Admittedly, the SCIAC athletic conference (Occidental, Pomona, Whittier, etc.) did not include the likes of UCLA or USC–thank heaven—but I was voted all-league in centerfield, while leading the conference champion Oxy Tigers in hitting, on-base percentage, and runs scored.”

As impressive as this ‘turn around’ from right to left-handed hitter was, Lee is quick to put this into perspective. “The point is not to focus on my baseball accomplishments, for those are certainly modest, but the results that desire and focus can bring.”

And while Lee’s mother had a very different personality, without anything like the intense focus of his father, he credits her, in other ways, that he believes are equally important in shaping him. Lee told Falcon that, because she worked while he growing up, she was not about to raise a son who expected intense daily interaction. Instead,

“…my mother always made it clear that, not only was her love total, but that, of course, I could do WHATEVER I chose to do. Every time I brought home those A’s, or other signs of recognition for some achievement, her reaction was a quiet one of acknowledgment, with no need for special rewards or bells and whistles. She simply BELIEVED IN ME. I feel that this has made a real difference, especially during the many struggles with those who have tried to undermine my credibility on those many occasions when I have tried to bring greater understanding of the misuses of psychiatry.”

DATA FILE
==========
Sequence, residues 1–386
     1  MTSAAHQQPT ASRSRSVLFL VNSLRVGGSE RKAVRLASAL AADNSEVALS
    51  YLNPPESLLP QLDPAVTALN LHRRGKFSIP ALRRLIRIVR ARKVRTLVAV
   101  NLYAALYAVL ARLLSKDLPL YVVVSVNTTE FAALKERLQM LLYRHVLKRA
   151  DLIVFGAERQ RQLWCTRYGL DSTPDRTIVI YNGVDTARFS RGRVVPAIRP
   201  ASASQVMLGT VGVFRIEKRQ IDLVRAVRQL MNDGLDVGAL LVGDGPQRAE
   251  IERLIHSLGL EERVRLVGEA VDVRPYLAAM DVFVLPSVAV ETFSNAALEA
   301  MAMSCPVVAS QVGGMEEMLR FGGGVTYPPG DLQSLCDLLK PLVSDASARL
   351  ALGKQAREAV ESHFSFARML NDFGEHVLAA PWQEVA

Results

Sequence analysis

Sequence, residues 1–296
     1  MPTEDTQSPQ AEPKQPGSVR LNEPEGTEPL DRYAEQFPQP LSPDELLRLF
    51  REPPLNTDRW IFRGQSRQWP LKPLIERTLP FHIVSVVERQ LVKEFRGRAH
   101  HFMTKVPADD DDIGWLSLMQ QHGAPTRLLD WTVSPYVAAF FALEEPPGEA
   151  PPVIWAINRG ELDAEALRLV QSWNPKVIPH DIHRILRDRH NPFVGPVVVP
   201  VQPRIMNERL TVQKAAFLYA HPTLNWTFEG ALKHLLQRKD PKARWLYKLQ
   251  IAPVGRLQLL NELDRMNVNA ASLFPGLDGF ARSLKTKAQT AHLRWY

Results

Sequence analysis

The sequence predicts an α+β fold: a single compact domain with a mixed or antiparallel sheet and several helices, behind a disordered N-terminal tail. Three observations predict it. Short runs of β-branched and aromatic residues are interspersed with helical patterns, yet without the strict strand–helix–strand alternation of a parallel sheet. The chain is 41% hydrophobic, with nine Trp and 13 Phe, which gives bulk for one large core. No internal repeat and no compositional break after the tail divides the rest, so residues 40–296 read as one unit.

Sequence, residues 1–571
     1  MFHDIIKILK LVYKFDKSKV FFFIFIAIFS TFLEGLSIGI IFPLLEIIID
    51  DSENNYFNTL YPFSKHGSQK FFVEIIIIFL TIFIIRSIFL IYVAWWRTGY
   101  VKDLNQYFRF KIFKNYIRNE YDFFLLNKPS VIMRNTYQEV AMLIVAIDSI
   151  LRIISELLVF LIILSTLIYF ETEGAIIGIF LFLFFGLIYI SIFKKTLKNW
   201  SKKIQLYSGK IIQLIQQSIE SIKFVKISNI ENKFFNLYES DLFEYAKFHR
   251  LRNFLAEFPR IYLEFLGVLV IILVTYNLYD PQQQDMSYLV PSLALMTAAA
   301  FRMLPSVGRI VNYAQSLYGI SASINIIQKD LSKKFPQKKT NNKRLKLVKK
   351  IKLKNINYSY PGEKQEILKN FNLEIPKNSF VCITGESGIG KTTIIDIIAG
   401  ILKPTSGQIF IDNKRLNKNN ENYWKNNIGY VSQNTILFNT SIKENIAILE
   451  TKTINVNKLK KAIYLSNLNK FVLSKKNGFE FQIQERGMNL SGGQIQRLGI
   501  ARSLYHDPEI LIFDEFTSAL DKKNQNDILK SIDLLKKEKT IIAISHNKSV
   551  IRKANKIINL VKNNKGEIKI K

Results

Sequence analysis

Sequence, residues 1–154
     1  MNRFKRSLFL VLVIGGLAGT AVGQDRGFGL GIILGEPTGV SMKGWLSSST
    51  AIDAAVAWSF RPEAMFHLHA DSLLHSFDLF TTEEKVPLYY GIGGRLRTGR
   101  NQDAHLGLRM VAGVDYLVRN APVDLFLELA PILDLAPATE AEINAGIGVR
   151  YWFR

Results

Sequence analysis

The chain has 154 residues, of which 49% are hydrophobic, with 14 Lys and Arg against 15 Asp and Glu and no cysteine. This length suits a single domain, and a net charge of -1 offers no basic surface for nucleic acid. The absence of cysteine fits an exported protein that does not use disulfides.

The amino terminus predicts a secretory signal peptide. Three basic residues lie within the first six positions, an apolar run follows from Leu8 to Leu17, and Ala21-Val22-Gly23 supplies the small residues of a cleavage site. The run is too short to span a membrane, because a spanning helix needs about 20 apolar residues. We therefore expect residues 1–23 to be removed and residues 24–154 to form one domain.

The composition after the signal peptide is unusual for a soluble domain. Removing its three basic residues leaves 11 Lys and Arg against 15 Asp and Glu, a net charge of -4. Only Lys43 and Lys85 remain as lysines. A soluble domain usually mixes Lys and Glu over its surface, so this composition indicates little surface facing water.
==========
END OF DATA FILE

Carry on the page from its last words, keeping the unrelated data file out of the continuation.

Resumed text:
Early Memories

“My earliest memories,” Lee said during our interview, “are from this time living with my mother and brother.” Lee’s brother was older by 3 ½ years. “After the divorce, we lived at my mother’s parents’ home in east LA. My memories of that time are strongly influenced by the fact that my brother was very jealous of me and tried to make my life miserable whenever he could.” For those of us who have experienced a jealous sibling, it is easy to understand how this experience could have shaped Lee’s younger years. And even if we didn’t have that experience, it is easy to imagine how difficult it would be to know that someone who is supposed to love and care for you, doesn’t – at least not in a supportive, loving way.

As far as why he was jealous, Lee explained, “I did many things well and he didn’t. It wasn’t because I was any smarter, but because, firstly, he had certain physical problems that I didn’t – for example crossed eyes that required glasses.” To make matters worse, he would regularly lose his glasses. “I remember,” Lee said, “the many times he received a lecture on the fact that ‘money doesn’t grow on trees.’ He needed braces on his teeth, and I had neither crossed eyes nor protruding teeth.” “Eventually,” Lee added with a smile, “he was better looking.”

There were other reasons for his brother’s jealousy as well. Lee did well in school – not a particularly difficult thing, if one simply pays attention. “That was easy for me. It was simply my nature, but he didn’t. It wasn’t who he was.” Unfortunately, the relationship between the two brothers was complicated by the fact that Lee excelled athletically. Unlike his brother, an indifferent athlete, Lee was better than most, and made up for his small stature, whether in playground activities like pingpong, dodgeball, or touch football on the street. How it must have rankled his brother to see his peers take notice that the little guy, Lee, was “pretty good,” even able to compete with the bigger boys who were his brother’s age. So, along with the other limitations challenging him, Lee’s brother was faced with a younger brother who was far better athletically and academically. This goes a long way toward explaining the cruel things done to Lee by his brother. Some were so cruel that, to this day, Lee won’t discuss them.